In the recent June 2017 general elections the Labour Party secured 262 seats depriving the Conservatives of the majority which secured a respectable 318 seats with a mere loss 23 seats which would have won them the majority. This resulted in the current coalition with the DUP (Democratic Unionists Party) which secured them the majority which cost the Conservative party a staggering £1.5 billion.
Since the election Labour leader Jeremy Corbyn has been been actively campaigning as there is speculation of approaching re-election as a result of the slow progression on the development of Brexit in regards to trade deals and economic changes which come with Brexit. However, some politicians feel that a labour government may run the pound driving the country into economic turmoil. Previous Labour governments have been known to decrease the value of the pound as a result of their overly socialist attitude to governing a country. Even though traditionally it has occurred when a Labour government was in power, is has also taken place when the Conservatives were in power this was otherwise known as Black Wednesday. In September 1992 the falling value of sterling forced the then Conservative government to pull out of the European Exchange Rate Mechanism after its attempts to support the currency failed.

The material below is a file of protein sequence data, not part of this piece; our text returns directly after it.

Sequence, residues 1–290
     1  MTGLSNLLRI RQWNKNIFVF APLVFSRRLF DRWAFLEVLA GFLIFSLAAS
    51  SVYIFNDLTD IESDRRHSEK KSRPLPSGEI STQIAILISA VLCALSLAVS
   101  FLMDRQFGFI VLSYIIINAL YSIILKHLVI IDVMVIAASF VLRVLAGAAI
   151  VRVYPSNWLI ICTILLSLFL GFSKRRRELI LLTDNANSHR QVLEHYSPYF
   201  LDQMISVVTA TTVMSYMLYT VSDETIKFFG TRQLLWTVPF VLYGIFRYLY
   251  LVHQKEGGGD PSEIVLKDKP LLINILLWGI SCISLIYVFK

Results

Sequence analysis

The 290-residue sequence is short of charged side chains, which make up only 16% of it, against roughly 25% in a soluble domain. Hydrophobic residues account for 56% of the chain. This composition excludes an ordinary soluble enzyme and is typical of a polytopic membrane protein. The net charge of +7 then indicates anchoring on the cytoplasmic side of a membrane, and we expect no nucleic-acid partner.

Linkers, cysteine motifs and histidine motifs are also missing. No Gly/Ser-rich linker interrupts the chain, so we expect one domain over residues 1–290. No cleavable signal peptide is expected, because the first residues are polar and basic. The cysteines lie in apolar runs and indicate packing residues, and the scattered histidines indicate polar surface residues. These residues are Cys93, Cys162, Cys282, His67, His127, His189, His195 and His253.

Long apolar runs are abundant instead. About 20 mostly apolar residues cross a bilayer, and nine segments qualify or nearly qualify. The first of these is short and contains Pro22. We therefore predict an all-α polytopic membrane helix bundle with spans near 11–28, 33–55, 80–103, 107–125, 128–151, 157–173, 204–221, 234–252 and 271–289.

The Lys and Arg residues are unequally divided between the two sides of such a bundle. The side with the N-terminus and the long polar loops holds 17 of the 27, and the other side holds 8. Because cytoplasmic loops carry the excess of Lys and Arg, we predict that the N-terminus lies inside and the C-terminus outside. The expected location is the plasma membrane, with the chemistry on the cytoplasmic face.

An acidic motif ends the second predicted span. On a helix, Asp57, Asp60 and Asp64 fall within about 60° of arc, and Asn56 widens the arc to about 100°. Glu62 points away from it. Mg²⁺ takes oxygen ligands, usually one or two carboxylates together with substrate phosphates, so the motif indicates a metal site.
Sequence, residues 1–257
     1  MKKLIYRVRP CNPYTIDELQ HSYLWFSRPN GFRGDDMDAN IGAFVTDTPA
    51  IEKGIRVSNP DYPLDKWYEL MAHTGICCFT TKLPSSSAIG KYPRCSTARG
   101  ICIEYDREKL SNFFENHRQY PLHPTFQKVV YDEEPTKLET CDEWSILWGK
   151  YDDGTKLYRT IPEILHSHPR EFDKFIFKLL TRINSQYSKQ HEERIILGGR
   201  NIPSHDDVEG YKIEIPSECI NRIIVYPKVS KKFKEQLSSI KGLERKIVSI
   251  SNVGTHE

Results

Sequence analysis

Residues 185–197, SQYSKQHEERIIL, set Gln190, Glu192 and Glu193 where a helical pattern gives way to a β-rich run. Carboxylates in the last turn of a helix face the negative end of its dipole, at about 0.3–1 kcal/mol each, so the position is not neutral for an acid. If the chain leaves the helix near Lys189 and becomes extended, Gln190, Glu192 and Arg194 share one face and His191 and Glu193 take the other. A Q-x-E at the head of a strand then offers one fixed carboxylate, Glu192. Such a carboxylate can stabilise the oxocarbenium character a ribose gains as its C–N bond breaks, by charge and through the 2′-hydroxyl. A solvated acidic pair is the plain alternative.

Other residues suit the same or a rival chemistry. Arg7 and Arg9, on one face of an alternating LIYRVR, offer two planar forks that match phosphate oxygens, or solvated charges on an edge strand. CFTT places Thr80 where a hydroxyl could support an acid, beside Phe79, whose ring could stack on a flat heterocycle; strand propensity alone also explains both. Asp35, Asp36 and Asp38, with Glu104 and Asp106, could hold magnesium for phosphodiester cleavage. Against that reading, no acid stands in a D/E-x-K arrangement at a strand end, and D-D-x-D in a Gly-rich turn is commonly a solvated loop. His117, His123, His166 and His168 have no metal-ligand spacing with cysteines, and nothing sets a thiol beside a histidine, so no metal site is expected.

Corbyn and his shadowing minister McDonnell have confirmed that they have a plan to tackle all possible scenarios if they were to occur such as running the pound. Mr Corbyn claimed there had “effectively” been a run on the pound since the Leave vote in the 2016 Brexit referendum, a result which led to a sharp drop in the value of sterling the next day – the pound has remained more than 10% below its pre-referendum levels.
Labour’s last election manifesto contained pledges to bring rail and water companies and Royal Mail back into public ownership as well as a number of other large spending commitments – to be funded by borrowing and higher taxes on business and the better-off.
Speaking on Monday, Mr McDonnell said a future Labour administration would not be “traditional” and “people want to know we’re ready, and they want to know we’ve got a response to anything that could happen”.
Labour, he argued, must “scenario-plan” for all kinds of potential challenges it might face in government “bringing the relevant experts together at every level to talk through what happens if there is such and such a reaction”.